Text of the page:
Five months into an election year that's been a model of confusion because of redistricting and a controversial special election, a recent state Supreme Court decision has thrown another twist at York County voters.
For the May 20 primary, Republican gubernatorial candidate Bob Guzzardi's name will appear on the ballot. But he won't really be on the ballot.
Though Gov. Tom Corbett's primary challenger's name will be listed on the electronic screen representing the ballot, notes taped to York County's hundreds of voting machines will explain to voters that's only because the county didn't have time enough to program his name out of voting machines after the Supreme Court's May 1 decision that Guzzardi's name should be tossed from the list.
"We didn't feel, logistically, it was enough time," said Nikki Suchanic, director of York County Department of Elections and Voter Registration. "It takes two weeks alone to deliver the voting machines, and we would have to erase the cartridges and reprogram, open up 600 voting machines and perform testing again."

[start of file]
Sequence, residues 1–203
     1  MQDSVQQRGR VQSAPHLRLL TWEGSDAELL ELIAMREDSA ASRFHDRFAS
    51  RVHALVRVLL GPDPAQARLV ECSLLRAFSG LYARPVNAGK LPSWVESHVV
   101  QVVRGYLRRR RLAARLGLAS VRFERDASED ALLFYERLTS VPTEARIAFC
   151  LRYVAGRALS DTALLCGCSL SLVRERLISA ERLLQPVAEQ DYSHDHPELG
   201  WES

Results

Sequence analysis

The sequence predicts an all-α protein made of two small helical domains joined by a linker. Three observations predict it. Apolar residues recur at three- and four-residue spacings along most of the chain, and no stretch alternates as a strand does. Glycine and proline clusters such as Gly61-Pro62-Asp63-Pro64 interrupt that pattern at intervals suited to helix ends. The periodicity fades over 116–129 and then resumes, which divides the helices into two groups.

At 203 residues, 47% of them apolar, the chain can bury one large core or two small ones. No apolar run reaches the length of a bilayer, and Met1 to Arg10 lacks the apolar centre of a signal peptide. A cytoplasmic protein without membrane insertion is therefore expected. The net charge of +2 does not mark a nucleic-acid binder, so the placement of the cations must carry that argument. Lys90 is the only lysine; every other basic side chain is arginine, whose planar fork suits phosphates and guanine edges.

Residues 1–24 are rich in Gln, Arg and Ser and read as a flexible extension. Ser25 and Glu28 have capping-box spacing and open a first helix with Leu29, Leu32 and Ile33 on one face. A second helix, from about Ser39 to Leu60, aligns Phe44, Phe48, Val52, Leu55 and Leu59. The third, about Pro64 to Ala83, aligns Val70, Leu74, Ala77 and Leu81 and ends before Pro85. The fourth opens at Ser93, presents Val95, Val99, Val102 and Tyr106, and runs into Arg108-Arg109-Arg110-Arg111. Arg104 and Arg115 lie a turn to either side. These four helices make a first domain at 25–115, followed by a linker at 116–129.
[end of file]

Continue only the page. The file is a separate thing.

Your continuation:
The snag doesn't mean York County will be in defiance of the court order, it just means some extra work, she said.
People who want to vote for Guzzardi should write in his name, Suchanic said.
However, votes cast for him on the touch screen ballot will be counted as write-ins, she said.
"It's not the worst election year ever," she said. "I think sometimes the public just doesn't realize what it takes for us to get ready for an election."
Department of State Press Secretary Ron Ruman said York isn't the only county unable to remove Guzzardi's name from the ballot. It's up to counties to report their vote totals however they wish, he said.
"We recognize this is a late-in-the-game decision," he said. "The court ruled when the court ruled."
Last week, the Supreme Court reversed a lower court's ruling that Guzzardi could stay on the ballot despite having failed to file a statement of financial interests on time.
York County Commissioners discussed the situation during their Wednesday meeting, with solicitor Mike Flannelly calling the ballot change "uncharted territory."
President Commissioner Steve Chronister said Guzzardi has gotten more name recognition for being booted from the ballot than he did when he was a candidate appearing on it.
— Reach Christina Kauffman at email@example.com.